It has a built-in hypervisor and what IBM calls "LPAR" support, which is a mode of virtualization which gives you "Logical PARtitions" of the memory and CPUs in the machine, with a granularity of 1/10th of a CPU. LPAR support requires a desktop machine that IBM calls an HMC, or "Hardware Management Console", which breaks out all of the logical consoles on the machine, and allows you to configure resource allocation and things like virtual ethernet switches and virtual SCSI adapters. In addition, a piece of software for the machine called VIOS or "Virtual I/O Server" is required for LPAR mode if you want to share hardware adapters (eg, ethernet, SCSI or Fiberchannel adapters) between OSes. Since I have neither of those, I am just running the machine in "bare metal" mode, with only one OS instance.

For I/O, the system has a built-in SCSI raid, gigabit ethernet, a Service Processor which controls functions like power on the machine, 5 internal hot-plug PCI-X slots, and an external link that allows for more I/O trays with disk and PCI-X cards to be added. I have installed a Mellanox Infinihost Infiniband card, to hook up to my Infiniband fabric.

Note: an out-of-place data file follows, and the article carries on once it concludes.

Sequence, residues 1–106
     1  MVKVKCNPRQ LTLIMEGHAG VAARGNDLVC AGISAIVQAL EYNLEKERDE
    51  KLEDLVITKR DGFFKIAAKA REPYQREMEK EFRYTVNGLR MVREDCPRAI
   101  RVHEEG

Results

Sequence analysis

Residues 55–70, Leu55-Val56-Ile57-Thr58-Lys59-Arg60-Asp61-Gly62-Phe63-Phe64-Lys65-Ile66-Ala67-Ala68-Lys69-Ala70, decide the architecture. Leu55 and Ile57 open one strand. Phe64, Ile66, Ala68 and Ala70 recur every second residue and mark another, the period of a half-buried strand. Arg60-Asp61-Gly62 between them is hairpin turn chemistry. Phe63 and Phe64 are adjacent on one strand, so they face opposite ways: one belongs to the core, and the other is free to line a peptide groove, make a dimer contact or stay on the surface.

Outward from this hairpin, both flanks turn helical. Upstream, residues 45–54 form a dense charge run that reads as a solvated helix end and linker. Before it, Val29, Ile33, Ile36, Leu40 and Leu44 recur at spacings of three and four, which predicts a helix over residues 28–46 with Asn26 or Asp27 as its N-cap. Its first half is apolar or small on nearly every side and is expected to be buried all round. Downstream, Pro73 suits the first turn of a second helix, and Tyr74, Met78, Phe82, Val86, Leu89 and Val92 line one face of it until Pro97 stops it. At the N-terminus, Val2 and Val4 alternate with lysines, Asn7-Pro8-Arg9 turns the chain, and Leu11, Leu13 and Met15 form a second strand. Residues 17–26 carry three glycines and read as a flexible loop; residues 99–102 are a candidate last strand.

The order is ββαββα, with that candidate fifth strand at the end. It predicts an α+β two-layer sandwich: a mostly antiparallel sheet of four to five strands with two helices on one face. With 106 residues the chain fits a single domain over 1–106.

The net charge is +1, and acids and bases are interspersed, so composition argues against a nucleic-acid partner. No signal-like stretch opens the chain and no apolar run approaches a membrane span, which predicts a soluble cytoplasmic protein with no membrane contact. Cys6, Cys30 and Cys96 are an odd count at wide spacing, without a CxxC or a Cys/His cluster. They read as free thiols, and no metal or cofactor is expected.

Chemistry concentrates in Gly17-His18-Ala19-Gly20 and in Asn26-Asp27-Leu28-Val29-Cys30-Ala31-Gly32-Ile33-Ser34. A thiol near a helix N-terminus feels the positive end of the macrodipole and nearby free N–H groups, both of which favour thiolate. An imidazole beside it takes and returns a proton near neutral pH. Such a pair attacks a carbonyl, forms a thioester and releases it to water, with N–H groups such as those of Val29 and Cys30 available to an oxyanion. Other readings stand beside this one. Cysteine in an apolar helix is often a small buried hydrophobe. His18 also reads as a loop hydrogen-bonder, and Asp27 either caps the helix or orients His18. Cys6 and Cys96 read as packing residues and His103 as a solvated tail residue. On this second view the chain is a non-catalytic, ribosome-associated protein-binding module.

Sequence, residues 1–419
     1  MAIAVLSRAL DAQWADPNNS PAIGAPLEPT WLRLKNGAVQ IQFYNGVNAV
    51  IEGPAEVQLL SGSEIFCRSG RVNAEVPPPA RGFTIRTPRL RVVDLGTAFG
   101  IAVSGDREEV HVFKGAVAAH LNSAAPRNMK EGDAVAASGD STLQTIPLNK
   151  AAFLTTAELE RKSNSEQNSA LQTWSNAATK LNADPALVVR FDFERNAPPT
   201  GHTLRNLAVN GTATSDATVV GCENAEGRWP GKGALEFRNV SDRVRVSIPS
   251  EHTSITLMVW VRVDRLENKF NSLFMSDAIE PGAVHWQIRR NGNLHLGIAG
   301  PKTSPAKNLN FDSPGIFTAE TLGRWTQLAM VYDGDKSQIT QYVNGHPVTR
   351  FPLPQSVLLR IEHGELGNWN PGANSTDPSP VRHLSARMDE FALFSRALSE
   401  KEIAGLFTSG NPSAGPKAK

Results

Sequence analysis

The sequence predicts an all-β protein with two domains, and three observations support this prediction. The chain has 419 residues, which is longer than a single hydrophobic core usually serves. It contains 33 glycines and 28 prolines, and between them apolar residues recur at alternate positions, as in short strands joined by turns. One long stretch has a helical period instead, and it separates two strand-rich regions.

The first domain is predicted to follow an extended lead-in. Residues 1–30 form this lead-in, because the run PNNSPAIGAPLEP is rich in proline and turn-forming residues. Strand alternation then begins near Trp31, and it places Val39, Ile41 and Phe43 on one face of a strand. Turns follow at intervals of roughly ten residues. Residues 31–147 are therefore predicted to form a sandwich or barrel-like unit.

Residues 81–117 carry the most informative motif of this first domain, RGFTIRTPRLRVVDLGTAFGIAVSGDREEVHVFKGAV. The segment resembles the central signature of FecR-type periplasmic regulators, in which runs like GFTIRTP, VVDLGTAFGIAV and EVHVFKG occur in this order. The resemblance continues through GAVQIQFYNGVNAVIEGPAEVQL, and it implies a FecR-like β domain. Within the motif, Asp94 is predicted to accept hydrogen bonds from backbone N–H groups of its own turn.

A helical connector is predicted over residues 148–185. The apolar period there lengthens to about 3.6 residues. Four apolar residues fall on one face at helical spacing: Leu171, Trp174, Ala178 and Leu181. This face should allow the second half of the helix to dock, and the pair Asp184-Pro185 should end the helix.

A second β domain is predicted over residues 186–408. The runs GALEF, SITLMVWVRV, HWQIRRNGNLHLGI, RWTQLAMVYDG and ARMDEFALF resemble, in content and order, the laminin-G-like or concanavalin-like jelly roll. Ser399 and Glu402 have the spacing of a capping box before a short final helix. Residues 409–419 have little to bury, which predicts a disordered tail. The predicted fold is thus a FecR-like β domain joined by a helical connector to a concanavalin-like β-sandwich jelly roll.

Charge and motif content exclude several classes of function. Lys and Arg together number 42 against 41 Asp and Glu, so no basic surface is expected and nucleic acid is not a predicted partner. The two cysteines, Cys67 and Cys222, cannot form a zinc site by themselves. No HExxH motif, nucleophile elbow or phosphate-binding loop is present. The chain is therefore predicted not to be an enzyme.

Making the Service Processor work for you

In addition to the serial console port, the system has a pair of ethernet ports, which are designed to connect to a system HMC, but which also allow https-based access to the service processor menus. By default, it will try to get an address via dhcp, or you can configure it through the serial port. The Service processor requires you to log in to do anything. I believe that the default username/password combination is admin/admin. That's what we had it set to on the machines at work.

To set the IP address, you need to navigate through the menus:
5. Network Services
1. Network Configuration
1. Configure interface Eth0
Then, chose either static or dynamic, and enter information as needed.

In order to get this to work for me, I had to use Firefox, and enable an SSL option, because while it uses https, it uses a somewhat insecure method of doing SSL that is disabled by default. To enable this, put "about:config" in the address bar, and change the option "security.ssl3.rsa_null_md5" to "true". Once you do that, you can get to the web version of the service processor menus (ASPI in IBM-speak) at (replacing with the IP address you set above).